Kenya is most famous for its wildlife, particularly the “Big Five” (lion, elephant, buffalo, leopard and rhino) found in game reserves and national parks all over the country. The Kenyan highlands are also popular, offering visitors spectacular views of the Great Rift Valley.
All safaris begin in Kenya’s capital city, Nairobi. The name Nairobi comes from the Masai words enkare nyarobe meaning “place of sweet water”, for this was originally a watering hole for the Masai’s cattle. Nairobi began life only in 1896 as a railway camp during the building of the railway line from the coast to the highlands. It grew steadily and by 1907 had become a town sufficient in size to take over from Mombasa as the colonial capital of East Africa. Modern Nairobi is a lively, cosmopolitan and bustling city, with modern, well organised and efficient services.
Jomo Kenyatta International Airport connects Nairobi to regional hubs and to major cities worldwide, while Wilson Airport services flights to many of the national parks and game reserves.
To capture the true spirit of East Africa, there is nothing quite like the experience of a safari in Kenya’s Masai Mara. Indisputably the richest game sanctuary in Kenya, the great expanse of plains set against distant hills, provide a unique backdrop from which to enjoy the magnificent wildlife. Almost every animal you can think of in relation to East Africa live on the well watered plains in this remote part of the country. One of the most memorable and spectacular sights is the migration of hundreds of thousands of wildebeest, gazelle and zebra as they move north from the neighbouring Serengeti Plains in June, arriving in the Masai Mara by about July-August, when the dry weather sets in. They begin to return south in October.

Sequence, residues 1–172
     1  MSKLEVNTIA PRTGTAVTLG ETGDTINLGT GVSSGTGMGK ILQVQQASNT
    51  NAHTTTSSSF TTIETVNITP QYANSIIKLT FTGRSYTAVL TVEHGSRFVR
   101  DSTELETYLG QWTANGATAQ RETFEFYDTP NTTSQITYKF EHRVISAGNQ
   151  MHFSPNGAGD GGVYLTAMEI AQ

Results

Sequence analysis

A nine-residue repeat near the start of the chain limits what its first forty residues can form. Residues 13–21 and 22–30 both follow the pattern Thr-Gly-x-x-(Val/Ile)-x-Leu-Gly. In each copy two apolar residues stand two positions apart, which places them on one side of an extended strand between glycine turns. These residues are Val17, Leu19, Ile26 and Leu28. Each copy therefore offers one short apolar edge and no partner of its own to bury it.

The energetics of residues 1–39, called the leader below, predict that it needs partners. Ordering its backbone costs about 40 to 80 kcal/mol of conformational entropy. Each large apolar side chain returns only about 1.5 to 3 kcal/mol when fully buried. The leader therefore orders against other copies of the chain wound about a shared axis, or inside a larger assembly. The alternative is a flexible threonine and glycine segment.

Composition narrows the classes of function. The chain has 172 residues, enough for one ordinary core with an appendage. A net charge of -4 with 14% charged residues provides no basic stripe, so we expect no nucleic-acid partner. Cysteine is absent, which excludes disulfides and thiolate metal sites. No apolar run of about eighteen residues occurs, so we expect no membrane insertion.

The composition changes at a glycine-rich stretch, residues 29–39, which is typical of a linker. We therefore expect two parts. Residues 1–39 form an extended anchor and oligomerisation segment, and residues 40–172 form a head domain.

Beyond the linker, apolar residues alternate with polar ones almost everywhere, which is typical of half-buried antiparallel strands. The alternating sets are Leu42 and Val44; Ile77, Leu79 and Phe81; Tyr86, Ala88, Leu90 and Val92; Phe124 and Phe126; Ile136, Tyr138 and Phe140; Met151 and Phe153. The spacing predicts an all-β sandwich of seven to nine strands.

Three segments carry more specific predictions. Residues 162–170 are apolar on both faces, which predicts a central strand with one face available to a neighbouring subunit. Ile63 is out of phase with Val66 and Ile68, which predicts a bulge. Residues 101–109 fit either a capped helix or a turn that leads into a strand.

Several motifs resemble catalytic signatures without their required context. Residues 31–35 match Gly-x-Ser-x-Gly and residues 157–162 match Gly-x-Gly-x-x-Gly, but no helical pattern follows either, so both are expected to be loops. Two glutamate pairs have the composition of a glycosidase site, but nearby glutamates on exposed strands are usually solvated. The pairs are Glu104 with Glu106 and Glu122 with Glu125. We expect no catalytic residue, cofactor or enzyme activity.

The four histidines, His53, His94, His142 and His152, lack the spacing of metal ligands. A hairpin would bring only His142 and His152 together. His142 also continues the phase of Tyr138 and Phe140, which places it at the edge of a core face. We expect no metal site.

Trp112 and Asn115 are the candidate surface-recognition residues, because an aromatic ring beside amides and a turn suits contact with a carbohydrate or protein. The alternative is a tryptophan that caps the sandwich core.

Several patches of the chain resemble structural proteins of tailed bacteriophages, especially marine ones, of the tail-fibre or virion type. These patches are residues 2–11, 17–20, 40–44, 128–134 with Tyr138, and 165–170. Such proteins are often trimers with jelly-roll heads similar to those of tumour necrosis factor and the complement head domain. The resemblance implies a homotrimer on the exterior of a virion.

Masai Mara is easily accessible by road, the Sekenani Gate being 260 km (4 hours) from Nairobi. The drive is very scenic, with views of Mt. Longonot en-route. The park is also accessible by air, with several daily flights from Nairobi which take 45 minutes. If taking a circuit safari, the approach from Lake Nakuru is 230 km (3 ½ hours), and the drive through the floor of the Great Rift Valley takes you through the “breadbasket” of Kenya, covered with acres of wheat and barley.
This is the largest national park in Kenya at around 21,000 sq. km. For administrative purposes has been split into two sections, Tsavo East (11,000 sq. km) and Tsavo West (8,000 sq. km). One of the many wonders in this harsh countryside include the Mzima Springs, where crystal clear water gushes daily from the underground streams of Mt. Klimanjaro. Another fascinating feature is the “red elephant”, so called because of the red dust prevalent in the area. Other wildlife you are likely to see include lion, leopard, cheetah, rhino, giraffe, buffalo, zebra, various antelope, hippo and crocodile.
The drive from Nairobi to the Mtito Andei Gate is around 245 km (4 hours) along the Nairobi-Mombasa road. From here, the drive to the other side of the park, the Voi Gate, is another 100 km (1 ½ hours). There are also daily flights from Nairobi to several airstrips in Tsavo which take about 45 minutes.
Located just 217 km from Nairobi, and one of only four private game reserves in Kenya, Ol Pejeta Conservancy excels in the provision of privileged seclusion and private game viewing. Thanks to its private status it also allows such unforgettable pleasures as night game drives, guided bush walks and both horse or camel riding across its game-teeming plains. Sweetwaters includes the Big Five (lion, leopard, elephant, rhino and buffalo), plus an exciting catalogue of giraffe, zebra, oryx, waterbuck, Grant’s gazelle, Thompson’s gazelle, cheetah, silver-backed jackal, hartebeest and baboon. The reserve also boasts several hundred bird species.